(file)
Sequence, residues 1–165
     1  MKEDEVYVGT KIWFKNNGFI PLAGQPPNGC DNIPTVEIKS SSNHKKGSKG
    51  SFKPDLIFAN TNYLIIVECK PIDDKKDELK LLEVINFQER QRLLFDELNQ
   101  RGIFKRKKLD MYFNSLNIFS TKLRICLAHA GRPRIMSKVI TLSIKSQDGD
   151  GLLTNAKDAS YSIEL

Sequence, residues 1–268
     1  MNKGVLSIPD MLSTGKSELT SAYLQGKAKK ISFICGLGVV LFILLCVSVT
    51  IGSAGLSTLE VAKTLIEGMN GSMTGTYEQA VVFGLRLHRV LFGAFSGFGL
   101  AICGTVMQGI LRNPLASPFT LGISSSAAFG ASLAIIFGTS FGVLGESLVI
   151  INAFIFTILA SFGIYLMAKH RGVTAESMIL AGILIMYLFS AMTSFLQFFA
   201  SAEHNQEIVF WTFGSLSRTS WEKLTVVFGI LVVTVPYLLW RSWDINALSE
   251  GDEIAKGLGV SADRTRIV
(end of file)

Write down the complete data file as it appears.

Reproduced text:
Sequence, residues 1–165
     1  MKEDEVYVGT KIWFKNNGFI PLAGQPPNGC DNIPTVEIKS SSNHKKGSKG
    51  SFKPDLIFAN TNYLIIVECK PIDDKKDELK LLEVINFQER QRLLFDELNQ
   101  RGIFKRKKLD MYFNSLNIFS TKLRICLAHA GRPRIMSKVI TLSIKSQDGD
   151  GLLTNAKDAS YSIEL

Sequence, residues 1–268
     1  MNKGVLSIPD MLSTGKSELT SAYLQGKAKK ISFICGLGVV LFILLCVSVT
    51  IGSAGLSTLE VAKTLIEGMN GSMTGTYEQA VVFGLRLHRV LFGAFSGFGL
   101  AICGTVMQGI LRNPLASPFT LGISSSAAFG ASLAIIFGTS FGVLGESLVI
   151  INAFIFTILA SFGIYLMAKH RGVTAESMIL AGILIMYLFS AMTSFLQFFA
   201  SAEHNQEIVF WTFGSLSRTS WEKLTVVFGI LVVTVPYLLW RSWDINALSE
   251  GDEIAKGLGV SADRTRIV